I've tried making wood rings by steam-bending woods like Poplar and Oak.  They were pretty small, and didn't come out particularly well.  I've been thinking lately about making some out of Lexan in two or more layers.  I have some scraps left over from some home improvement projects, and find it's really fun to work with.  Using a heat gun, you can bend it into pretty much any shape you want.  I've used polyester resin to bond two layers together, then bondoglass to cover/fill the result so it looks like a cast piece.  Nice thing about Lexan is that it's very hard to break, so rings made of it should be safer to hand an expensive OTA on than those cheap cast rings from China.

 

-Tim.


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#5538 Bob Myler

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Posted 01 August 2020 - 11:11 AM

When all else fails there's always these.....lol.gif

https://www.michaels.../M10124152.html


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#5539 Mbinoc

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Posted 01 August 2020 - 11:21 AM

When all else fails there's always these.....lol.gif

https://www.michaels.../M10124152.html

Interesting: I bet with some cabinet cork laminate sheets you could add filler size to fit most scopes, and could also chop them down for smaller rings. The price is also right.

 

I like this idea!

 

Clamchip's home brewed solution was also genius, and there will always be a extra level of satisfaction in conceptualizing and following through with a homemade project.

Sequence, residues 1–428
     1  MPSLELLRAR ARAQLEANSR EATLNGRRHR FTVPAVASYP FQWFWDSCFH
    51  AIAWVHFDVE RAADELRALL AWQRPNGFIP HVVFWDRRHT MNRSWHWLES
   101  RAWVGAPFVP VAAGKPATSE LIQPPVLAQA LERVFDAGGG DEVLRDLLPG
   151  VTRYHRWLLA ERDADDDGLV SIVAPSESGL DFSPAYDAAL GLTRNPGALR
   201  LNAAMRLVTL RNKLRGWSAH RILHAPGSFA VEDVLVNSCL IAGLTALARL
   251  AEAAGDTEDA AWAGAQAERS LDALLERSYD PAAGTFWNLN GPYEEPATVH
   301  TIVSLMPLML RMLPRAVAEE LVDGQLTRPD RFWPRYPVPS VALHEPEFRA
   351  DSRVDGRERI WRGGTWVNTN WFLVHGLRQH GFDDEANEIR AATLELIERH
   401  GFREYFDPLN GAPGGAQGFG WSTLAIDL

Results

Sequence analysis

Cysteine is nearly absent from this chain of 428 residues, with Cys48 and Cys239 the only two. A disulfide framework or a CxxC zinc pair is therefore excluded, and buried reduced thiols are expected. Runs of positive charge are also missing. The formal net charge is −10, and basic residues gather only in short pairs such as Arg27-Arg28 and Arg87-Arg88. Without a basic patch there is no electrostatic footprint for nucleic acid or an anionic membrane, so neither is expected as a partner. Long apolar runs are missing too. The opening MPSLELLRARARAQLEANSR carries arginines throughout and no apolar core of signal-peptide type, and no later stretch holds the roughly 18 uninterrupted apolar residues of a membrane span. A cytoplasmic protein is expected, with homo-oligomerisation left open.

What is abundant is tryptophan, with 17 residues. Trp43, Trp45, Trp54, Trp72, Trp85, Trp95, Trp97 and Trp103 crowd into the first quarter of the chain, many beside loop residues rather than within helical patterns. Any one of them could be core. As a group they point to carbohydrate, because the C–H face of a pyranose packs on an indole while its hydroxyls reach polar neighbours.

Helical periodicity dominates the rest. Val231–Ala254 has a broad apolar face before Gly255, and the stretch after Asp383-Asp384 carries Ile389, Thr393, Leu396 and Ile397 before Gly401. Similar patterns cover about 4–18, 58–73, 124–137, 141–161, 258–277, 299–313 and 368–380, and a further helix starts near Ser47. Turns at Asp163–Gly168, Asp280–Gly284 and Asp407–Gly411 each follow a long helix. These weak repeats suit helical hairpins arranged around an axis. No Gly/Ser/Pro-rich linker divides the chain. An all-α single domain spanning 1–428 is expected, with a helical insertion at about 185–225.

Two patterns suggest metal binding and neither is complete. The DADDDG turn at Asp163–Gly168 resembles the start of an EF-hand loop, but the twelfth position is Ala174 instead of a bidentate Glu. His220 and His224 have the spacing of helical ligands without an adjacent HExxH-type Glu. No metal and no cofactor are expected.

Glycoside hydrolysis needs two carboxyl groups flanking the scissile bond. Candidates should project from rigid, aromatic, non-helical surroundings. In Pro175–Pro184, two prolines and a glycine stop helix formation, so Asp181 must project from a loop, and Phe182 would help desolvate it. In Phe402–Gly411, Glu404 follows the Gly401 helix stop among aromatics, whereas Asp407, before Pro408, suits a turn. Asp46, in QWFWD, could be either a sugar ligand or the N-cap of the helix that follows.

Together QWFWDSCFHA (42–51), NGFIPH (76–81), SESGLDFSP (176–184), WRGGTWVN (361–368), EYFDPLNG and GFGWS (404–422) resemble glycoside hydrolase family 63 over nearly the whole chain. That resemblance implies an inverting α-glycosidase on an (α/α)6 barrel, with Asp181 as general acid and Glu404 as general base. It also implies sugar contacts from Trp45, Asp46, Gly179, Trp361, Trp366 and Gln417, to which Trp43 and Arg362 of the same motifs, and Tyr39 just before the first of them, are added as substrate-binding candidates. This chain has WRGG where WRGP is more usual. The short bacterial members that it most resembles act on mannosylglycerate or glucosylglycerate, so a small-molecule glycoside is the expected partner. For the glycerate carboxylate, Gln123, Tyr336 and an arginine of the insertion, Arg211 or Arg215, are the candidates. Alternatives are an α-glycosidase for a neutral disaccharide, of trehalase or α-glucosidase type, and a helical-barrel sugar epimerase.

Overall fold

Edited by Mbinoc, 01 August 2020 - 11:31 AM.

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#5540 clamchip

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Posted 01 August 2020 - 11:39 AM

Today I needed to look at a 1946 Sky & Telescope.

After looking for a online archive copy to read I gave up and tried my

old Sky & Telescope 7 decade disk collection.

To my surprise it works in this computer ! (windows 10)

It didn't work in my old windows XP

So if your set is sitting around collecting dust try it in your new computer.

 

Robert



#5541 doolsduck

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Posted 01 August 2020 - 07:22 PM

I've tried making wood rings by steam-bending woods like Poplar and Oak.  They were pretty small, and didn't come out particularly well.  I've been thinking lately about making some out of Lexan in two or more layers.  I have some scraps left over from some home improvement projects, and find it's really fun to work with.  Using a heat gun, you can bend it into pretty much any shape you want.  I've used polyester resin to bond two layers together, then bondoglass to cover/fill the result so it looks like a cast piece.  Nice thing about Lexan is that it's very hard to break, so rings made of it should be safer to hand an expensive OTA on than those cheap cast rings from China.

 

-Tim.

Hot pipe bending might be a more controllable solution for small wood rings.  I have successfully bent curves down to 12mm radius for a commission.  For example  or https://www.youtube.com/watch?v=OSTozKefP_k  


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#5542 CharlieB

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Posted 01 August 2020 - 09:27 PM

With a heated pipe for bending, you can make some very intricate curves that keep their shape.  Thinner wood works best, but I've bent pieces up to about 4mm thick.

 

IMGP0712 - Edited.jpg


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#5543 Chuck Hards

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Posted 01 August 2020 - 09:41 PM

I've always had better luck with heat, than steam.  The steam just doesn't penetrate the wood deeply enough to have much of an effect, it's the heat that makes the wood more pliable.  I've taken twists and warps out of wooden tripod legs with counter-bends and 300F heat.  


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#5544 tim53

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Posted 02 August 2020 - 10:14 AM